“Those guys were able to parlay their success on the show into world title shots in the future,” said Smith. “For me, I am finally getting my shot but I never imagined it would come eight, nine years after participating in The Contender and 13 years after my first pro fight. But you know, God works in mysterious ways and I'm just glad to be getting the opportunity.”
Smith's recent three fight win streak doesn't feature any prominent names, and in fact, is one of his least impressive stretches as a pro in terms of the quality of fighters he has beat. But what is different this time is Smith's alliance with Floyd Mayweather and The Money Team, a makeshift promotional entity that has taken a good number of fighters under their wing and helped guide them into televised bouts in recent years.
Many members of the boxing community have dogged Mayweather Promotions due to the company not being a legitimate promoter with a license. Yes, they've never put together their own boxing show (usually pairing up under the Golden Boy Promotions banner), but one can't argue with the results.
Without Mayweather's involvement, there is no way Smith would be fighting Bundrage on Saturday in a Showtime televised bout, nor would J'Leon Love be fighting in the co-feature against the unheralded Derrick Findley. For that, Mayweather and his team deserve a lot of credit for lending a helping hand to a batch of mostly African American fighters who have been passed up by the sport's bigger name promoters.
To that logic, Smith is in complete agreement.
“I don't think this fight happens without Floyd, without Mayweather Promotions, without The Money Team,” concluded Smith.
“Obviously, I owe them everything. I thank God for giving me this opportunity, for placing us in each other's lives. But without Floyd Mayweather, without everybody working hard, this fight wouldn't happen. I know where my blessings come from and I know God will put people in your life for a reason. And I'm very grateful for the opportunity Floyd has given me, for the trust he has put in me.”
For Smith, there was a stretch of time where he had no clue where his career was headed, but through patience, he was able to find this recent string of opportunity.
“I didn't fight for 18 months,” says Smith.
“I didn't know whether I was even going to keep boxing or what I was going to do. Life was kicking me in the ass and I couldn't really fight back. I didn't know whether to give up or not. To have Floyd come and pick me up, and put me on a card in May and come right back and fight in September, that was huge. Then we got a couple offers and then to get this title shot. Even while he was in jail, we communicated, exchanged letters, talked on a regular basis. He kept saying to stay low. I got a couple offers to fight while he was locked up but I stayed loyal. I thank God that I did.
“When Floyd fought Cotto, he told me he was going to get me a world title shot. 'You're too good of a fighter not to have had a title shot. You're gonna win a title and I'm gonna get you the shot.'
“I remember being in the locker room, nobody cared about me for 18 months, and I'm very grateful to Floyd. I've been knowing Floyd since I was 10 years old. He's a friend, a mentor, I'm happy. I know this opportunity wouldn't have happened without him.”
Mayweather's personal life has been front and center in recent years, and usually it is for all the wrong reasons. But what Mayweather has done for a bevy of young fighters has almost been overlooked by fans and the boxing media. And Mayweather doesn’t publicize the work he's done in order to get these fighters opportunities.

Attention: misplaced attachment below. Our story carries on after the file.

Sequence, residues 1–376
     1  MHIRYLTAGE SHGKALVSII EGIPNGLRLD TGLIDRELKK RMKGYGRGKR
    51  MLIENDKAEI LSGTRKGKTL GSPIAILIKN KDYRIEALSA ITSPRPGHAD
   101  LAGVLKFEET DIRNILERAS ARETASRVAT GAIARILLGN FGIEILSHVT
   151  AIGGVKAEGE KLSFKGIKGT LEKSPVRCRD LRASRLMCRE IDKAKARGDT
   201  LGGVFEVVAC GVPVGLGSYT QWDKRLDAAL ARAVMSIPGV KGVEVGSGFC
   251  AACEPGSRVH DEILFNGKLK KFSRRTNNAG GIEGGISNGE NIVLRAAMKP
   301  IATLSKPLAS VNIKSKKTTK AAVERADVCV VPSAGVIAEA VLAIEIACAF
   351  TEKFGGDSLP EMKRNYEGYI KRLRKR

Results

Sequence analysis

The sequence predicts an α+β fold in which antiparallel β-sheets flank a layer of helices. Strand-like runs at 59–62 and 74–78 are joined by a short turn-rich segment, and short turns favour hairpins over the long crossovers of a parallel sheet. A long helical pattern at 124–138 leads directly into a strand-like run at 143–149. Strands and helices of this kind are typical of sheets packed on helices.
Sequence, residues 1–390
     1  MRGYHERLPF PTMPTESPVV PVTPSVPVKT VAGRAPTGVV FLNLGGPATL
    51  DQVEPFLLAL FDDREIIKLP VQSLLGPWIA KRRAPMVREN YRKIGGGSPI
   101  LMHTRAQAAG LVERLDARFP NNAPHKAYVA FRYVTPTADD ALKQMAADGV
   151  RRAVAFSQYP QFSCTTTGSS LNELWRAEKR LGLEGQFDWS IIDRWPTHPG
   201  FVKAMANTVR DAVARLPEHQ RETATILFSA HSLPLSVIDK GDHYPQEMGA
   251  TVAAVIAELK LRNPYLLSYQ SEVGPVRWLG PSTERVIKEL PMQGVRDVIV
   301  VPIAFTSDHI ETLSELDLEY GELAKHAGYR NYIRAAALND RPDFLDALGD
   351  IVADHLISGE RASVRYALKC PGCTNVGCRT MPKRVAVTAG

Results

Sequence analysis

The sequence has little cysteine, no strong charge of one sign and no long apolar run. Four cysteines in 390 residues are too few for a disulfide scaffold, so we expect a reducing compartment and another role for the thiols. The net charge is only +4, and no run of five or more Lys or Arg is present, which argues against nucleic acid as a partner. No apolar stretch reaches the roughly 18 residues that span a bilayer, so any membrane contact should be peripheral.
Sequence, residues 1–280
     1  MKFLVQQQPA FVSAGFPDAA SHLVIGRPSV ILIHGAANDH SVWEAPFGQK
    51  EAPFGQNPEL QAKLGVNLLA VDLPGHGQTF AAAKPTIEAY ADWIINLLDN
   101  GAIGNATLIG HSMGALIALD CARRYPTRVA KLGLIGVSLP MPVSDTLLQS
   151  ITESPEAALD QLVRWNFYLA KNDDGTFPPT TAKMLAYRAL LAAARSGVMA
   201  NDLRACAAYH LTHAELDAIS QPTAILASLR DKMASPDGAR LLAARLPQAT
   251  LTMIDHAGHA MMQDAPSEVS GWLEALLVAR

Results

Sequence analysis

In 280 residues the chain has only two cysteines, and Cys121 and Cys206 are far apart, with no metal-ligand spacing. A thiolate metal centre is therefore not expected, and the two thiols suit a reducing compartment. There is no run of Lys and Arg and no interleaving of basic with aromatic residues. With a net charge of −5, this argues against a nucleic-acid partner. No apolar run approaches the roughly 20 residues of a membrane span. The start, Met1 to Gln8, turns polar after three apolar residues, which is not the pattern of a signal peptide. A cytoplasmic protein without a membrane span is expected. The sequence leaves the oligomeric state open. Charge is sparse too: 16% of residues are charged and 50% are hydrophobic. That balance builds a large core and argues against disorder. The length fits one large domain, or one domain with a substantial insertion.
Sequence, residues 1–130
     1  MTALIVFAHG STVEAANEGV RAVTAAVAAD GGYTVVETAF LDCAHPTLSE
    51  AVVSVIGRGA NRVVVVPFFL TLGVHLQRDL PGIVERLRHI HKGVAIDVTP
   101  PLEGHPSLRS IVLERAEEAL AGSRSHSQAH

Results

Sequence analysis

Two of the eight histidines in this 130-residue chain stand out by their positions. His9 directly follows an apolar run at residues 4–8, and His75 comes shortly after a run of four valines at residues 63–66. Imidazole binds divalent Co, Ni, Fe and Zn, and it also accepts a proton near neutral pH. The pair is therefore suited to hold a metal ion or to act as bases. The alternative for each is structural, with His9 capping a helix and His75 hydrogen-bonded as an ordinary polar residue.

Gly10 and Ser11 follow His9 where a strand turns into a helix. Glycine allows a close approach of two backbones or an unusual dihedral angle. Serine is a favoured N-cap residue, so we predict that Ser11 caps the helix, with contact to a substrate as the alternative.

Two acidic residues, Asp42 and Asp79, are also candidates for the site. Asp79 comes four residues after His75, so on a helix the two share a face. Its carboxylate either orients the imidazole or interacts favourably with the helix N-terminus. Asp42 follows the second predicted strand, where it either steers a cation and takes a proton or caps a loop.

Smith's opponent, Bundrage, hasn't exactly traveled a privileged road himself.
Bundrage was on the second season of The Contender that featured quite a bit less fanfare than the original incarnation. Bundrage was thought of by most as a limited fighter, but after compiling a number of impressive victories over the likes of Kassim Ouma and Zaurbek Baysangurov, Bundrage would get a shot at 154-pound titlist Cory Spinks, though the fight wasn't picked up by any major network and went untelevised.
Bundrage caught Spinks at the right time, coming off a DUI charge and having been rumored to be walking around at cruiserweight, wildly out of shape. Bundrage made easy work of Spinks, stopping him in order to earn his unlikely title.
“Bundrage was able to go fight the guy overseas [Baysangurov] and win that fight,” said Smith.
“He lost to Steve Forbes on the show but was able to revitalize his career by fighting Cory Spinks, like twenty times. Four fights in four years is not going to be enough come Feb. 23.”
Smith's former matchmaker Goodman concurs that Smith should have no problem picking up a victory—so long as he's on top of his game.
“Ishe is far more skilled than Bundrage, and as long as his head is on straight, he should have no problem taking care of business and becoming a champion. All those years ago, I envisioned Ishe getting to this point, and for him to get here after all these years is a pretty good story.”
It is hard not to root for Smith given all that he has faced in his career. It has been a tumultuous ride, no doubt, but all of that would be forgotten if he is victorious on Saturday. A belt is quite the bargaining chip, and with Mayweather being the cash cow that he is, there could be an opportunity for Smith to defend that title on a major undercard in his hometown of Las Vegas.
“You have no idea what that would mean to me, to have the opportunity to fight on one of Floyd's massive undercards as the defending junior middleweight champion,” said Smith. “In fact, it is something I have dreamed about ever since I was a little kid. To be this close to obtaining that dream is a dream in and of itself, and one I intend to make a reality on Feb. 23.”
Photos / Tom Casino-SHOWTIME